“The Lord detests lying lips, but he delights in men who are truthful.” –Proverbs 12:22
“I can’t believe that my pastor preached for a whole hour-and-a-half last Sunday.” Translation: The pastor preached ten minutes longer than usual, which cut into my lunchtime.
“Our junior high group never does anything interesting and our youth leader is really boring.” Translation: The junior high group doesn’t plan activities in which I enjoy participating.
“It rained all day and I got soaking wet.” Translation: It sprinkled lightly, and my hair and sweater got slightly damp.
Sometimes we exaggerate to puff ourselves up in the eyes of friends, playing a competitive game of topping each other’s stories. Other times we feel insecure and slant the facts to grab people’s attention. Sometimes we play the actor and exaggerate just to add color, drama, or to gain sympathy. Whatever the reason, if we never tell a story the way it happened, we end up hurting ourselves – people will never have a chance to get to know the real person behind the exaggerated stories.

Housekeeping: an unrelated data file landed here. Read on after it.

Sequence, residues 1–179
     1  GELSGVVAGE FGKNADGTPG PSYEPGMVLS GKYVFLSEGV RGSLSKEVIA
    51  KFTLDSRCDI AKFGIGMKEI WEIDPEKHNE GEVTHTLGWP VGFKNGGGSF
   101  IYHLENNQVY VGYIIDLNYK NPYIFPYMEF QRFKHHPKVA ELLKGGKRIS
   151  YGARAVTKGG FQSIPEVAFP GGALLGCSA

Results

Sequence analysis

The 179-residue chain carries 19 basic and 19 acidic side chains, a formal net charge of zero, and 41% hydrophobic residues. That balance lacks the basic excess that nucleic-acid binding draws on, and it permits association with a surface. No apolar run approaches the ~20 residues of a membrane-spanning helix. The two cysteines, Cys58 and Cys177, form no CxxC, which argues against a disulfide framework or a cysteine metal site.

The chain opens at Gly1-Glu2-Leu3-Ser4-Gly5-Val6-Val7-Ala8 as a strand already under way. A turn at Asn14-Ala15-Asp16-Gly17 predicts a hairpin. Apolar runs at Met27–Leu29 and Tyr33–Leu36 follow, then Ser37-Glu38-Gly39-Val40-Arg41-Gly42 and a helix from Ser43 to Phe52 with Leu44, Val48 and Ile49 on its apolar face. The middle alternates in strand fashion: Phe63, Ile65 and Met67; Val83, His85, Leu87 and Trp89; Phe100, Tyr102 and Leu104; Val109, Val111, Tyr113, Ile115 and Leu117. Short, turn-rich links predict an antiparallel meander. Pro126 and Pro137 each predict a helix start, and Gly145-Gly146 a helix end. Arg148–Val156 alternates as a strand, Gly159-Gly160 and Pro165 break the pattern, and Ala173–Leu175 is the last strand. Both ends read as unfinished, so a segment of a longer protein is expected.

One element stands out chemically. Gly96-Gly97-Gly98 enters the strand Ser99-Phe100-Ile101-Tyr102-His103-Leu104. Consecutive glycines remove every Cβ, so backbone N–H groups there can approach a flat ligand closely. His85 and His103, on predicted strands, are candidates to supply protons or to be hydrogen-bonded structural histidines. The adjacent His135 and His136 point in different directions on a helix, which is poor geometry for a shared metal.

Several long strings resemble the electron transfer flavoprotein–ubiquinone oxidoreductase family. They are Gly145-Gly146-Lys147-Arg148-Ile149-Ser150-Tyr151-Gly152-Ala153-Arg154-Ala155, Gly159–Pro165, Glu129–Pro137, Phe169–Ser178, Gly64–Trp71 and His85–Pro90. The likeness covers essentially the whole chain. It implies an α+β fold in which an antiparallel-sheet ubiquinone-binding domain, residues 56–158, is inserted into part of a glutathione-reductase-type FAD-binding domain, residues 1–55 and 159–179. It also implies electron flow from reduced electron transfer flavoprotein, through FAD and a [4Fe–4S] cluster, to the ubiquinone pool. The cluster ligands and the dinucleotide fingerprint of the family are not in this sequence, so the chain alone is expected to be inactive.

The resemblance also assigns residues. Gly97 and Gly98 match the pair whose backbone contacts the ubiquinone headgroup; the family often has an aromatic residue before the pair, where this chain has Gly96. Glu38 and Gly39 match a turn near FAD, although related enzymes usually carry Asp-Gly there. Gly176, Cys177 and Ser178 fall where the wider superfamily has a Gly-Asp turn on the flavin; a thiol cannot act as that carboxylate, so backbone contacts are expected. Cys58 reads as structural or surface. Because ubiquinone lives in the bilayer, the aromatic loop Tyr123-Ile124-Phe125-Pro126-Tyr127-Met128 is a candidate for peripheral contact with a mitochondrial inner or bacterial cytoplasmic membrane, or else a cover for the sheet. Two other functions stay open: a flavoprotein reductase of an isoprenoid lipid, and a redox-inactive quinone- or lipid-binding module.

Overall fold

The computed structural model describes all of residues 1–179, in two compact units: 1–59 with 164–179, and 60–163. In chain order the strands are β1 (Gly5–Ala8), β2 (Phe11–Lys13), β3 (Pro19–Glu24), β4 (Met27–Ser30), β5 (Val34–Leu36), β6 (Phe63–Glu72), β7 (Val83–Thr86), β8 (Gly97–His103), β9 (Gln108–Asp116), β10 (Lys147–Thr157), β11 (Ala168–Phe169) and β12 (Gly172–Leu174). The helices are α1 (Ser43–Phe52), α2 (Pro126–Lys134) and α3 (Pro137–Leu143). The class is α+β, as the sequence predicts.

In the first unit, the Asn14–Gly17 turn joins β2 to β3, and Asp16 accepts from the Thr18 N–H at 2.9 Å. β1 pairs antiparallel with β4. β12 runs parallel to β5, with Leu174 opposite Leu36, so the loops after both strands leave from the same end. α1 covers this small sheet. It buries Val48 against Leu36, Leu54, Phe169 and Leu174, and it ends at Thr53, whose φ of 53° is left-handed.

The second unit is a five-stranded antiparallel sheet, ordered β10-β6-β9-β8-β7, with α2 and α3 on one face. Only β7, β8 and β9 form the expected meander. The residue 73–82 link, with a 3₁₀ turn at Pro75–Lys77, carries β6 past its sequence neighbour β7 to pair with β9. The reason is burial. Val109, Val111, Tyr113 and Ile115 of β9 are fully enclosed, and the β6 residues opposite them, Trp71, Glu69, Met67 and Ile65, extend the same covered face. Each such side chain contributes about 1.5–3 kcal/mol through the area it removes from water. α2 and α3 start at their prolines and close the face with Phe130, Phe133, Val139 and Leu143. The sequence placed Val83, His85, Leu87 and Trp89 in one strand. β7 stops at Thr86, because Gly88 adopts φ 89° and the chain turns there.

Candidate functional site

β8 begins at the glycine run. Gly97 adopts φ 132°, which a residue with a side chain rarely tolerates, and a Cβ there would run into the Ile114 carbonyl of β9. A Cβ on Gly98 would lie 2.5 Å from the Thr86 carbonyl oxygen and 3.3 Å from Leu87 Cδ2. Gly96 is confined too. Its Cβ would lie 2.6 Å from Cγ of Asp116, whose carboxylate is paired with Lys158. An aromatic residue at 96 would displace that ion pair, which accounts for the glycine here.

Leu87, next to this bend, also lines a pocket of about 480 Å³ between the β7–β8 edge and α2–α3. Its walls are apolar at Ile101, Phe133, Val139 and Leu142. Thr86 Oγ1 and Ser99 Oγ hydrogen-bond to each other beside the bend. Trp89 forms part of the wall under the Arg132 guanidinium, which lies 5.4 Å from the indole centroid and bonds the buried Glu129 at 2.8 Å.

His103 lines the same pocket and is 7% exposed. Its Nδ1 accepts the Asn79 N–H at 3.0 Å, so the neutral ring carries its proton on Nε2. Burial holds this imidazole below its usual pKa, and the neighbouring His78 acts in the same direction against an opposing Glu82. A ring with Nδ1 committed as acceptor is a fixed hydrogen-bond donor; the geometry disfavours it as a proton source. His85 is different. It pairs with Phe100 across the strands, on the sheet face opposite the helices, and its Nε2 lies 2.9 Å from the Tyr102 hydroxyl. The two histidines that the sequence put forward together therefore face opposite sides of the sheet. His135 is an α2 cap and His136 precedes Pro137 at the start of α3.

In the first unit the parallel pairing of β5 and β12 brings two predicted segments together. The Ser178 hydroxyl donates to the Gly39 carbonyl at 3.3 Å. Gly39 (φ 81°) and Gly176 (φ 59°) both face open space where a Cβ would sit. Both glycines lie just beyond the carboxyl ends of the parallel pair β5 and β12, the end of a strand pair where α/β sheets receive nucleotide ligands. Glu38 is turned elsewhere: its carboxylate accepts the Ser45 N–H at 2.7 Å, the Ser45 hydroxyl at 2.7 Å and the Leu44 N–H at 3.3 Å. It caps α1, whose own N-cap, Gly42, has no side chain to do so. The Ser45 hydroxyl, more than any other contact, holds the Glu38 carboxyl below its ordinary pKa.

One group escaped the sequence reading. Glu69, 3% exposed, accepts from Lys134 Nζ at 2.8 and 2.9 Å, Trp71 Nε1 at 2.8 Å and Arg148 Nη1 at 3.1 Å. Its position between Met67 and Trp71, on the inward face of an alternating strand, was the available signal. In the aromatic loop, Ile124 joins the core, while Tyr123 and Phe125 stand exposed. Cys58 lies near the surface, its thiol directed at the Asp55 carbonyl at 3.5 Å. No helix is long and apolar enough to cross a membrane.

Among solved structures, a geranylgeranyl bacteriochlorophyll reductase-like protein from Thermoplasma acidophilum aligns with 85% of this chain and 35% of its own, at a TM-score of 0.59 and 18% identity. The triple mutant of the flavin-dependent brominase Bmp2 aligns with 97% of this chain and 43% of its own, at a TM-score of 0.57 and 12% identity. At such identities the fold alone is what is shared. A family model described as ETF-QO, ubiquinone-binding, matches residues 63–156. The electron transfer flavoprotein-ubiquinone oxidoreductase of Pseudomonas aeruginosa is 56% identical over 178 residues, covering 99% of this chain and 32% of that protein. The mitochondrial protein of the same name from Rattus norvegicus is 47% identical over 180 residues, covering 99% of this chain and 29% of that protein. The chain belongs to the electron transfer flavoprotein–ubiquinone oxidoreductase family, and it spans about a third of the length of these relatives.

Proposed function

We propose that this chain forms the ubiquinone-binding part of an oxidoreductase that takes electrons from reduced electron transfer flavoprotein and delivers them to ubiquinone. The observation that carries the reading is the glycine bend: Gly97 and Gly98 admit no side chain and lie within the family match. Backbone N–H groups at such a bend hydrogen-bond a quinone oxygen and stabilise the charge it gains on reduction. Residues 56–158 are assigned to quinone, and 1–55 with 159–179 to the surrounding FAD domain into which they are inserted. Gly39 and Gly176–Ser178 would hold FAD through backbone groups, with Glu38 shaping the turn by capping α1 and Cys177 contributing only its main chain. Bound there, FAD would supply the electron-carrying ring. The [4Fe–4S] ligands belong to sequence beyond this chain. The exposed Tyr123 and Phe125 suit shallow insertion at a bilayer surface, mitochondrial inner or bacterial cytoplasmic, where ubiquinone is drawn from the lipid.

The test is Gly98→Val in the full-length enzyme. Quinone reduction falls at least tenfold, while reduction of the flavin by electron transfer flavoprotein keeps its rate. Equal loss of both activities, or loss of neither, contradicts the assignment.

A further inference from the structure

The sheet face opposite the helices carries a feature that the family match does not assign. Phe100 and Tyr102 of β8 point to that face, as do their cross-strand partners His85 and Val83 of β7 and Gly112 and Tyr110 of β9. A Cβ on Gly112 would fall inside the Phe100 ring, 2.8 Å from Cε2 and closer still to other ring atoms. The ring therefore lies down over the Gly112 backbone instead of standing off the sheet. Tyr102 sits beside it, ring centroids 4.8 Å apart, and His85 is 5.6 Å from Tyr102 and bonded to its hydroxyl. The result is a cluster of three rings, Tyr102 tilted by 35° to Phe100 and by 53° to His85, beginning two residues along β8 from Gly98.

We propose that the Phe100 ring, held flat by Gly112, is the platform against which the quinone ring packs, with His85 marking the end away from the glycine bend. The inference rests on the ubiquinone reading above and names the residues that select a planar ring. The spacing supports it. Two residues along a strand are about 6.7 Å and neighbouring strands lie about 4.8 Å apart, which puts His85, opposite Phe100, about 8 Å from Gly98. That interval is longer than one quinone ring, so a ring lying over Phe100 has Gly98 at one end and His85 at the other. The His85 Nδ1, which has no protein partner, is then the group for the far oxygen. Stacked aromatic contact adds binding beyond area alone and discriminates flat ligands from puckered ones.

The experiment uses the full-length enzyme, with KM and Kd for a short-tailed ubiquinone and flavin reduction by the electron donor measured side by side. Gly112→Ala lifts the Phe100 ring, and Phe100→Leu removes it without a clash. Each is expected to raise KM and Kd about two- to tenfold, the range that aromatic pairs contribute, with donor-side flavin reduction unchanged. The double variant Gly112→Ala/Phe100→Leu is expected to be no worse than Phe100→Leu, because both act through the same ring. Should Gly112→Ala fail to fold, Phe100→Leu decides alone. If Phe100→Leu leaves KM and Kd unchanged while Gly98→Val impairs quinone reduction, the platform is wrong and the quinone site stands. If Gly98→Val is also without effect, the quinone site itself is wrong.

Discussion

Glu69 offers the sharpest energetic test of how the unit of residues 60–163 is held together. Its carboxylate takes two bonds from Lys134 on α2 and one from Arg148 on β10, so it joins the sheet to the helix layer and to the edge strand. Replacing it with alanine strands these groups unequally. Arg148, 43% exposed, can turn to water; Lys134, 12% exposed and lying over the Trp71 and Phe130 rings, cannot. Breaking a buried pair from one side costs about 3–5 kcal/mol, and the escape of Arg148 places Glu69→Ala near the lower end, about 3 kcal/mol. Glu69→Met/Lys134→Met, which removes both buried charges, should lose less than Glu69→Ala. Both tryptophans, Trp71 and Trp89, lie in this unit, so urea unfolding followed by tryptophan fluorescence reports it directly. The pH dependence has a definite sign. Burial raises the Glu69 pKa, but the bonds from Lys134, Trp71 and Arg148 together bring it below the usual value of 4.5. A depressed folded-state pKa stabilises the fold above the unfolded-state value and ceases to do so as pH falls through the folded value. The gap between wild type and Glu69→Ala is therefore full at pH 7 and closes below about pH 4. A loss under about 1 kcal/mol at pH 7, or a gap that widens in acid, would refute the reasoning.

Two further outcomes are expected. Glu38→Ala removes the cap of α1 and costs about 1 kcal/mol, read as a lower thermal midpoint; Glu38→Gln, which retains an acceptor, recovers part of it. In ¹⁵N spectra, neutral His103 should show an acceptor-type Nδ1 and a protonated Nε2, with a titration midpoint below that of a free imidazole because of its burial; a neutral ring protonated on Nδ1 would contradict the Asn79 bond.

The Bible tells us to “let your ‘Yes’ be yes, and your ‘No,’ no” but Christians, perhaps more than most, are guilty of embellishing the truth. We play into the hands of Satan, the Father of Lies, when we distort the facts.
If you’d like to break the habit of exaggeration, begin by listening carefully to what you say. Shading the truth may seem like one of those gray areas of behavior, but always strive for the ideal: Tell the truth.
Father, show me when I am not living out or speaking forth the truth. Stop me if I begin to shade the facts of stories or events, and help me to see that these are lies. May Jesus, the Truth, speak through me today.
Taken from Diamonds in the Dust. © 1993 by Joni Eareckson Tada. Used by permission. Zondervan Publishing House, Grand Rapids, Michigan 49530.